Warning: This article may be distressing for some and includes references to self-harm and suicide.
Parents are concerned about reports of a new online game called the Momo Challenge which encourages children to self-harm.
The viral game uses the character Momo – a puppet-like figure with wide, deep-set eyes and a terrifying smile – to scare children into adding a contact on messaging service WhatsApp, who then hounds them with violent images and dares.
The challenge encourages them to self-harm and the ultimate post tells them to take their own lives.
One Auckland parent wrote on Facebook that her two children were very aware of who Momo was and was warning parents that the character is appearing in the middle of Fortnite videos on Youtube. Her son and his friends have been watching these videos during lunch time at school.
“Which resulted in my seven-year-old bursting out in tears shaking & telling me ‘stop saying her name, now we’re going to be killed!’ and my five-year-old daughter jumped into my arms crying saying, ‘Shes coming now’.”
The video has also shown up in Peppa Pig videos.
Police in Northern Ireland believe Momo is run by hackers who are trying to harvest information.
“Whatever or whoever is behind it, there is no disputing the content being sent is horrendous,” the PSNI in Craigavon wrote on Facebook.
“A ‘curse contact’ sends a number and tells you to contact them on WhatsApp.
“One video of such an interaction in America I’ve seen, shows an ominous-sounding voice recording being sent to a child telling them to take a knife to their own throat.
“Another threatens family if a ‘challenge’ is not completed. It’s chilling viewing.
“There are numerous variations and of course now imitators.”
— Z (@_lovezeeee) February 26, 2019
3.2 sec to RT aware and very cautious of what your child watches on YouTube and KIDS YOUTUBE. There is a thing called “Momo” that’s instructing kids to kill themselves, turn stoves on while everyone is sleep and even threatening to kill the children if they tell their parents. pic.twitter.com/lBelP4kxIY
— Danny smith (@doglab) February 27, 2019
They said the danger lay with children feeling pressured to either follow the orders on any app by carrying out “challenges”, or because of peer pressure in chat rooms.
“This is merely a current, attention-grabbing example of the minefield that is online communication for kids,” reads the PSNI Facebook post.
“In 2017, it was ‘Blue Whale’, now it’s ‘Momo’. There’ll be something else next.”
That sick in the mouth feeling when you sit down to talk to your 7 year old about #MomoChallenge and he knows all about her!!
— Matt Nundy (@Matthew_Nundy) February 26, 2019
I asked my child today if she knew who momo was (she’s 3) and she said yes it’s a really scary girl. #MomoChallenge I’m NOT happy @YouTube. You need to figure out how to regulate your children’s tv better. We are yet another family who will discontinue watching.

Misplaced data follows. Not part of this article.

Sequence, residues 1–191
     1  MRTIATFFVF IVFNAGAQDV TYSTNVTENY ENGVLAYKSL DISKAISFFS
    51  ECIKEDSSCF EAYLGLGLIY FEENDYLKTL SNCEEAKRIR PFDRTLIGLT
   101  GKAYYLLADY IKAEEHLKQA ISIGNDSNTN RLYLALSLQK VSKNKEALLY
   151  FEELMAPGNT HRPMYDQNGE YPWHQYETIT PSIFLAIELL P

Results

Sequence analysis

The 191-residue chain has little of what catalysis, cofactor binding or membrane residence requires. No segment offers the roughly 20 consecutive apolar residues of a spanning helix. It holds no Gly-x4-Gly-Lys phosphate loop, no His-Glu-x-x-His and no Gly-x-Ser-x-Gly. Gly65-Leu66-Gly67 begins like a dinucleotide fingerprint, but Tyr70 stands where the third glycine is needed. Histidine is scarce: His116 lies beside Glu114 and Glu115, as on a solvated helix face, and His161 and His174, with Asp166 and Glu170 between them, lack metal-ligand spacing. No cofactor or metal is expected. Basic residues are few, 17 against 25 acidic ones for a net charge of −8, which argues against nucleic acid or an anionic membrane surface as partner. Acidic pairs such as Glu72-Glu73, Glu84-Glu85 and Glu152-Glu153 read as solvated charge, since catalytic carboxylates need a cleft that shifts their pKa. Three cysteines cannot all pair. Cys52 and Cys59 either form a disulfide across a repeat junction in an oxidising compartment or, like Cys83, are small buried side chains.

— bekah ann (@jadedandinlove) February 26, 2019
Police in the Republic of Ireland have also raised concerns about Momo, appealing to adults to supervise children and vulnerable people’s online activity.
A spokesperson for the NSPCC in Northern Ireland said: “The constantly evolving digital world means a steady influx of new apps and games and can be hard for parents to keep track of.
“That’s why it’s important for parents to talk regularly with children about these apps and games and the potential risks they can be exposed to.
“The NSPCC publishes advice and guidance for parents on discussing online safety with their children, as well as Net Aware – the UK’s only parental guide to social media and gaming apps.”
Among the most common signs to watch out for include children who:
- Become very secretive, especially about what they are doing online
- Are spending a lot of time on the internet and social media
- Are switching screens on their device when approached
- Are withdrawn or angry after using the internet or sending text messages
- Have lots of new phone numbers or email addresses on their devices
It is understood the original artwork used by the hackers has been taken from a designer in Japan who has no connection whatsoever with the Momo challenge.
Where to get help:
Need to Talk? Free call or text 1737 any time to speak to a trained counsellor, for any reason.
Lifeline: 0800 543 354 or text HELP to 4357
Suicide Crisis Helpline: 0508 828 865 / 0508 TAUTOKO (24/7). This is a service for people who may be thinking about suicide, or those who are concerned about family or friends.
Depression Helpline: 0800 111 757 (24/7) or text 4202
Samaritans: 0800 726 666 (24/7)
What’s Up: online chat (3pm-10pm) or 0800 WHATSUP / 0800 9428 787 helpline (12pm-10pm weekdays, 3pm-11pm weekends)
Kidsline (ages 5-18): 0800 543 754 (24/7)
Rural Support Trust Helpline: 0800 787 254
Healthline: 0800 611 116
Rainbow Youth: (09) 376 4155
If it is an emergency and you feel like you or someone else is at risk, call 111.
-RNZ / BBC